The Fun and Function of Uncertainty: Uncertain Incentives Reinforce Repetition Decisions
Christopher K Hsee,
Joachim H Talloen,
Gita V JoharEditor,
Amna KirmaniEditor and
Stijn M J van Osselaer
Journal of Consumer Research, 2019, vol. 46, issue 1, 69-81
This research studies repetition decisions—namely, whether to repeat a behavior (e.g., a purchase) after receiving an incentive (e.g., a discount). Can uncertainty drive repetition? Four experiments, all involving real consequences for each individual participant, document a counterintuitive reinforcing-uncertainty effect: individuals repeat a behavior more if its incentive is uncertain than if it is certain, even when the certain incentive is financially better. This effect is robust; it holds in both lab and field settings and at both small and large magnitudes. Furthermore, the experiments identify two theory-driven boundary conditions for the reinforcing-uncertainty effect: the effect arises (a) only if the uncertainty is resolved immediately and not if the resolution of uncertainty is delayed, and (b) only after, not before, one has engaged in repetitions. These results support a resolution-as-reward account and cast doubt on other explanations such as reference-dependent preferences. This research reveals the hidden value of uncertain incentives and sheds light on the delicate relationship between incentive uncertainty and repetition decisions.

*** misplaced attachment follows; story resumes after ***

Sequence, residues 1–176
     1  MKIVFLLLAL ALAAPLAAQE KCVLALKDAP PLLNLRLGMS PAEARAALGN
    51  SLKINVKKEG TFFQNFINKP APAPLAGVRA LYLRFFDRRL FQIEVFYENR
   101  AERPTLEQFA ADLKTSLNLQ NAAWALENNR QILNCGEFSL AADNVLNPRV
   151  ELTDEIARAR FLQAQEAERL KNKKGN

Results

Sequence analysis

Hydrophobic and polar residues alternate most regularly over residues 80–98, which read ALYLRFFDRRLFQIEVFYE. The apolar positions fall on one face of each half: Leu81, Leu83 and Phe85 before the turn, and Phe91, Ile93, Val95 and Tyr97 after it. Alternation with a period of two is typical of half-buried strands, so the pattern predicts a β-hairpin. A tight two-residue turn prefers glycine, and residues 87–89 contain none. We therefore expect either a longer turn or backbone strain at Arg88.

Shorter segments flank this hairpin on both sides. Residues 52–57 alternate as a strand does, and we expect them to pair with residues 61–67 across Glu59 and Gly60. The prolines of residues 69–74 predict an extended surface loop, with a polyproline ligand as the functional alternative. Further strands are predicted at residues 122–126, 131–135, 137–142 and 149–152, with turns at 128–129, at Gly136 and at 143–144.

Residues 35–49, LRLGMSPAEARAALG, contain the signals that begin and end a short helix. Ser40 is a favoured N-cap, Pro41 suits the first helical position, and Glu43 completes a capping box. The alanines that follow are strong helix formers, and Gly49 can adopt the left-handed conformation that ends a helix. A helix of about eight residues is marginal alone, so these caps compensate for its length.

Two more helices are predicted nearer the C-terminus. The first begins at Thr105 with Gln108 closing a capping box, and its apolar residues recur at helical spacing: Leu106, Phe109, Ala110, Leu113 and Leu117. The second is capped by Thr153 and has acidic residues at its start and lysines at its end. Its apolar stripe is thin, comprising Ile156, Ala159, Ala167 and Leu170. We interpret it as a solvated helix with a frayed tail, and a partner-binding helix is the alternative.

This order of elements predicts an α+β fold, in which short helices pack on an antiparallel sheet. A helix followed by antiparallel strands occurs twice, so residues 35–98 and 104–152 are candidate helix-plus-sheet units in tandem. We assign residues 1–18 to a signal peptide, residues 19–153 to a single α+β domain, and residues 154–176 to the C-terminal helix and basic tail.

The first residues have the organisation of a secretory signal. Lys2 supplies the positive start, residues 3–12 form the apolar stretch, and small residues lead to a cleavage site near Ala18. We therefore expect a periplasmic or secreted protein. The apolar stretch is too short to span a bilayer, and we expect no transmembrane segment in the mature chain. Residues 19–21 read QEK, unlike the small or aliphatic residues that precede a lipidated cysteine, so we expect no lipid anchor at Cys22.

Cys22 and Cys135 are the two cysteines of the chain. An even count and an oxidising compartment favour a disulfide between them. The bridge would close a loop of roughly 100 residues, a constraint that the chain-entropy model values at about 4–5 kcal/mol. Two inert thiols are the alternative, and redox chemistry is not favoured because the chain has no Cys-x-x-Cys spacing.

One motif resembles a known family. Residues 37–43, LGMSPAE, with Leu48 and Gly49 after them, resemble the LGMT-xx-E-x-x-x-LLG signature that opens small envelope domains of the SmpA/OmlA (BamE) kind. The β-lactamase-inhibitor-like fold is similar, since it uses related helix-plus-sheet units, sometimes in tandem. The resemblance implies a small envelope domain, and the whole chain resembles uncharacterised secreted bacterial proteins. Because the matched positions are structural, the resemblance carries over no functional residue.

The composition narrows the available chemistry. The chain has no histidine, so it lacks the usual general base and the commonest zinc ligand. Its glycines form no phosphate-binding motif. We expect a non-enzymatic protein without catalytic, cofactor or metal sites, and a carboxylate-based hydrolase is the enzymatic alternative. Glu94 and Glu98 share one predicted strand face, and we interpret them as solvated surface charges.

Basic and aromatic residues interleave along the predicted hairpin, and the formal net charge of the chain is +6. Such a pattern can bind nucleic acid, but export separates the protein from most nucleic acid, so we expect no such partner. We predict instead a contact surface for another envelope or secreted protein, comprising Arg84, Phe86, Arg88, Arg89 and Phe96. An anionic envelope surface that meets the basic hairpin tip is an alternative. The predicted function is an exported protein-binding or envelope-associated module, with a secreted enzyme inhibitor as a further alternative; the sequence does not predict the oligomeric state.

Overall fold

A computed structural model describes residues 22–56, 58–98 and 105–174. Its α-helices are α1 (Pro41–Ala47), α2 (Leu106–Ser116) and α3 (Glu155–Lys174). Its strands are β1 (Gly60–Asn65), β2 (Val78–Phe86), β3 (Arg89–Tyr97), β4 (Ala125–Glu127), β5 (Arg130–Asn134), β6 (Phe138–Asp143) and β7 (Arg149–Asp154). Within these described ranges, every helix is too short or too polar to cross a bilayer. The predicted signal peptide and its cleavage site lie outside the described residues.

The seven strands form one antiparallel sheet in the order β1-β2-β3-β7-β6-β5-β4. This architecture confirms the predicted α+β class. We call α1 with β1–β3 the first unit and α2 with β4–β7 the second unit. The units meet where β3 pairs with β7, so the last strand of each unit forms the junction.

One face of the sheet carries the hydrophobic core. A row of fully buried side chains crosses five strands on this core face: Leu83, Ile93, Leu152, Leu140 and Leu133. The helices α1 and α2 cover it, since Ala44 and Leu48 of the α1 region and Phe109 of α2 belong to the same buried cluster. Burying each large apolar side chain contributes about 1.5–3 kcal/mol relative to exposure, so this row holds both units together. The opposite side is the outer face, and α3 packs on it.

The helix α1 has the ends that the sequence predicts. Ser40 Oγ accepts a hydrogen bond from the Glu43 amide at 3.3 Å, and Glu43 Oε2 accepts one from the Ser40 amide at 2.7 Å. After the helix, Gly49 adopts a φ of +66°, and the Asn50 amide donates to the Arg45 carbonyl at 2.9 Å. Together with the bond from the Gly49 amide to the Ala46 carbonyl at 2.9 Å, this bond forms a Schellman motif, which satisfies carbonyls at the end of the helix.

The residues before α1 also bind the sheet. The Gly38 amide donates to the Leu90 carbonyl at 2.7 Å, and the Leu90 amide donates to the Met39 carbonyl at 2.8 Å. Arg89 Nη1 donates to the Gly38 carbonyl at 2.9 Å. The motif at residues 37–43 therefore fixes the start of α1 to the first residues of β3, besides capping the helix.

Keywords: risks and uncertainty; motivation; gamification; customer retention; intermittent reinforcement; happiness; gambling; variety seeking; prediction; performance; goal pursuit; behavioral decision theory; incentive design; loyalty program (search for similar items in EconPapers)
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Persistent link: https://EconPapers.repec.org/RePEc:oup:jconrs:v:46:y:2019:i:1:p:69-81.
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